Coffee makes me poop.
- Sep 24, 2007
- Reaction score
At the beginning of next year, California will begin enforcing an animal welfare proposition approved overwhelmingly by voters in 2018 that requires more space for breeding pigs, egg-laying chickens and veal calves. National veal and egg producers are optimistic they can meet the new standards, but only 4% of hog operations now comply with the new rules. Unless the courts intervene or the state temporarily allows non-compliant meat to be sold in the state, California will lose almost all of its pork supply, much of which comes from Iowa, and pork producers will face higher costs to regain a key market.
If half the pork supply was suddenly lost in California, bacon prices would jump 60%, meaning a $6 package would rise to about $9.60, according to a study by the Hatamiya Group, a consulting firm hired by opponents of the state proposition.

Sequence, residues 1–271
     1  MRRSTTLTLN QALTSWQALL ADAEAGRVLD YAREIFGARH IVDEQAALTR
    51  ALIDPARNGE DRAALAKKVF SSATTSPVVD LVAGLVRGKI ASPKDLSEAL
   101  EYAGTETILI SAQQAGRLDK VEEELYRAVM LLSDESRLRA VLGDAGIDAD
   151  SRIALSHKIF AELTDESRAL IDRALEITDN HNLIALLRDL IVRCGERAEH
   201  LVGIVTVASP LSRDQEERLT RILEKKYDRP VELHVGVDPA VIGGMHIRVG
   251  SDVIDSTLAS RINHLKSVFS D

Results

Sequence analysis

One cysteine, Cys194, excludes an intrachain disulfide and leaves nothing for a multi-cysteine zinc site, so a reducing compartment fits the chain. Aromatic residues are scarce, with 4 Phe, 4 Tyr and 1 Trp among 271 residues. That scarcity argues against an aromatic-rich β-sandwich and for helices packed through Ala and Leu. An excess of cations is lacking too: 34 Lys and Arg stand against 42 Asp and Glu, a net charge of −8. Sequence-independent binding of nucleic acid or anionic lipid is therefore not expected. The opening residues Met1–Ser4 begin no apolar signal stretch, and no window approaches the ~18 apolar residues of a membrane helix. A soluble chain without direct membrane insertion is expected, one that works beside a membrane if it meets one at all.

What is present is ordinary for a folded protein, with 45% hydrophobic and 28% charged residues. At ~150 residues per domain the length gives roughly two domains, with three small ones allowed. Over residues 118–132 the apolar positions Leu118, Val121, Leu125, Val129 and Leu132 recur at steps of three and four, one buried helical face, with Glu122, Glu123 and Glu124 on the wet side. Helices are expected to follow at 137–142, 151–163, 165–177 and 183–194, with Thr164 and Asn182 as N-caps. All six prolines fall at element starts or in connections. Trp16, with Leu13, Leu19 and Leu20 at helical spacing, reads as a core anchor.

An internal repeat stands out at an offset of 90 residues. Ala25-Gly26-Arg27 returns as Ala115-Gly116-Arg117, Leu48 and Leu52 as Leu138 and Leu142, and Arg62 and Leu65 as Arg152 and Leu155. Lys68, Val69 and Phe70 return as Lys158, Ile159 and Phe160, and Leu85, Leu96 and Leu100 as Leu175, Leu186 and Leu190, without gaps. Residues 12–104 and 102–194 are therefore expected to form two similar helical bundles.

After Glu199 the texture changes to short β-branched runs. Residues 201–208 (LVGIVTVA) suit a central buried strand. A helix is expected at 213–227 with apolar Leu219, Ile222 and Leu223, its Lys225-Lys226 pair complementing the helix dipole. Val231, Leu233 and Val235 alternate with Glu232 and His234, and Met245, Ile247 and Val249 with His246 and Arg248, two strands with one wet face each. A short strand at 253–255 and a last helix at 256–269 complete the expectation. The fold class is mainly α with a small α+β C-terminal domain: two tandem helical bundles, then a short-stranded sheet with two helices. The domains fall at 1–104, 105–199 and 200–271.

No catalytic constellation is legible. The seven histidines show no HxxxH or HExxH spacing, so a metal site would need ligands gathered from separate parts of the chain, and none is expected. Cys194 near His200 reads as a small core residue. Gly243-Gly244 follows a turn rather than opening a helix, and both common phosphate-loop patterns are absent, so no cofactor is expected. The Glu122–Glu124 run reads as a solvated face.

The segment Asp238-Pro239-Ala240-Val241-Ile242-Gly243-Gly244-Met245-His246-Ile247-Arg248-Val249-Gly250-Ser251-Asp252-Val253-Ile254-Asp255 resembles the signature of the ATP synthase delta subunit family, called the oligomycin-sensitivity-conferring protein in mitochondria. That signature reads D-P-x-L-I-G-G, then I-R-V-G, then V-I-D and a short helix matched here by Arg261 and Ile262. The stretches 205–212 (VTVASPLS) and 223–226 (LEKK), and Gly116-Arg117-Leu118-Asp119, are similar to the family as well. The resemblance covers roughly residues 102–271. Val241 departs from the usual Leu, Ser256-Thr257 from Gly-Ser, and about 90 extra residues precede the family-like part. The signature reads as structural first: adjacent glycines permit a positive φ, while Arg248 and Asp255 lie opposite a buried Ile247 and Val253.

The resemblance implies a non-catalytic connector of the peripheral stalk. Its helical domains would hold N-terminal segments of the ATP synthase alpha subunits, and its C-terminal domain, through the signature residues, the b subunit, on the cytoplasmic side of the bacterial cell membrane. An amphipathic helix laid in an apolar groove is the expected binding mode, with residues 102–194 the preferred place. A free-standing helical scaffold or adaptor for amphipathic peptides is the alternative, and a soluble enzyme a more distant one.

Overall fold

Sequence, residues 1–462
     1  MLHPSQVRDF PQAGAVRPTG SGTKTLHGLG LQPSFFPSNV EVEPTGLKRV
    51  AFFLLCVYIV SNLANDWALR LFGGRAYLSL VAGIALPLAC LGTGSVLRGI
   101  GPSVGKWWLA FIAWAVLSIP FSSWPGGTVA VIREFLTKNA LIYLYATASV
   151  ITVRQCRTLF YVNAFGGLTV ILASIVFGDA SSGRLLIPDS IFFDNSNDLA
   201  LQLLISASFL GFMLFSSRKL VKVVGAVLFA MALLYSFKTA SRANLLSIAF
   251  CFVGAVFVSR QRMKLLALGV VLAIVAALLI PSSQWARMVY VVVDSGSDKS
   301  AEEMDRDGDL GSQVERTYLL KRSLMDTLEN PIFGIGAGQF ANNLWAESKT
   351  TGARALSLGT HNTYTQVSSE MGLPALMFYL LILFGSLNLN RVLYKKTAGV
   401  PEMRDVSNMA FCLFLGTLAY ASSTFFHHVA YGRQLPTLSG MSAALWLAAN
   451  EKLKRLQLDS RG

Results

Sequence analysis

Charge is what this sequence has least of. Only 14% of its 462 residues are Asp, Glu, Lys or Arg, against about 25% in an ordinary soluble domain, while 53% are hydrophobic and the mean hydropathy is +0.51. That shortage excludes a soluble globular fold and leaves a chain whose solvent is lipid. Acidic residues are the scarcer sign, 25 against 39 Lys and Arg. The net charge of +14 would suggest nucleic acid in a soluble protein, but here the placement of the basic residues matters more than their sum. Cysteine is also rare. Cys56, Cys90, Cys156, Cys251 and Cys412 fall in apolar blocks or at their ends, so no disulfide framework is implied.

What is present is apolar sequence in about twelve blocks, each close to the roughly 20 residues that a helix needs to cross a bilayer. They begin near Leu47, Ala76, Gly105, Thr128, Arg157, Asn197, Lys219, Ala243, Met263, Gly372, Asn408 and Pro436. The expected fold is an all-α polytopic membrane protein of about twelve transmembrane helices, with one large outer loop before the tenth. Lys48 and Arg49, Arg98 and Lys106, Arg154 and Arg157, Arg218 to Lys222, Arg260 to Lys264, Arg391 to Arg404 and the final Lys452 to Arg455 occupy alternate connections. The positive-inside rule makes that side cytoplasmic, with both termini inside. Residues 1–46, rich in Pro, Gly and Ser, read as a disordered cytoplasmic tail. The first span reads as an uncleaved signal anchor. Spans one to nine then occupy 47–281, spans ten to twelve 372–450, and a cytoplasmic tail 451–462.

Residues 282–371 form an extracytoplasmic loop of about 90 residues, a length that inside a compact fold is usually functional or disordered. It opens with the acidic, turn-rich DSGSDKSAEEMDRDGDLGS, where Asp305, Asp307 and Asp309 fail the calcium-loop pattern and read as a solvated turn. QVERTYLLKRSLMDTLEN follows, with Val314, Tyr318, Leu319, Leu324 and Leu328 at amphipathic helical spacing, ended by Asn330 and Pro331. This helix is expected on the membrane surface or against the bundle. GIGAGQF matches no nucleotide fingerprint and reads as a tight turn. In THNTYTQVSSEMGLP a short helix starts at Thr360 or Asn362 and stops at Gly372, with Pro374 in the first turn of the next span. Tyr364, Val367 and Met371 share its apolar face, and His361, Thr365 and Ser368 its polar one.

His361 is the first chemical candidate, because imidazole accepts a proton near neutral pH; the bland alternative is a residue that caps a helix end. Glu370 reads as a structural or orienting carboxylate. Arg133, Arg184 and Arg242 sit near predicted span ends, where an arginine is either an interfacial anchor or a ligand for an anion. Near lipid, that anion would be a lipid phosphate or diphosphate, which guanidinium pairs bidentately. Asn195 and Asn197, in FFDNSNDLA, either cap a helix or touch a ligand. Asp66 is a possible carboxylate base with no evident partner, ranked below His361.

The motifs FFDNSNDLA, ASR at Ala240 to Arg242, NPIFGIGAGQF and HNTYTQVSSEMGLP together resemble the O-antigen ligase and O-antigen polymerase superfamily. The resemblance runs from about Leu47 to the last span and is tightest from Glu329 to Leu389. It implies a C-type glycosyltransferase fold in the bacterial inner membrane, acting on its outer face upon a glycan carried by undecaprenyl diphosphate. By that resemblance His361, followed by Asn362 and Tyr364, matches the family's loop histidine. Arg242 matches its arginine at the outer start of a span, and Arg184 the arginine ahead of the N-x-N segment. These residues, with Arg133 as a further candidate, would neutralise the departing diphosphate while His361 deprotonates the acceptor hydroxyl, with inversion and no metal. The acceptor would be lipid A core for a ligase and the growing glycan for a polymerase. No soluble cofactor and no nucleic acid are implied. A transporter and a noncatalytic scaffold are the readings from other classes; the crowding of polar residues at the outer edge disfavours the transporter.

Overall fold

Got a freezer? Better fill it up. Here's a bit more:
LINCOLN, Neb. (DTN) -- When California voters approved Proposition 12 in November 2018, hog producers across the country were ready to adjust their operations to suit the law's pen-size requirements to ship to the state.
The law takes effect in January 2022 and California regulators have yet to issue guidance rules on those requirements.
The future of Proposition 12 is in the hands of a federal appeals court following a hog industry lawsuit in 2019; hog producers still have no idea how to comply.
Even if producers are willing to invest millions in their operations, they're unable to do so with any certainty.
Agriculture groups have argued the state's law placing animal-welfare restrictions on hog producers who sell pork in the state violates the Commerce Clause by regulating hog producers in other states.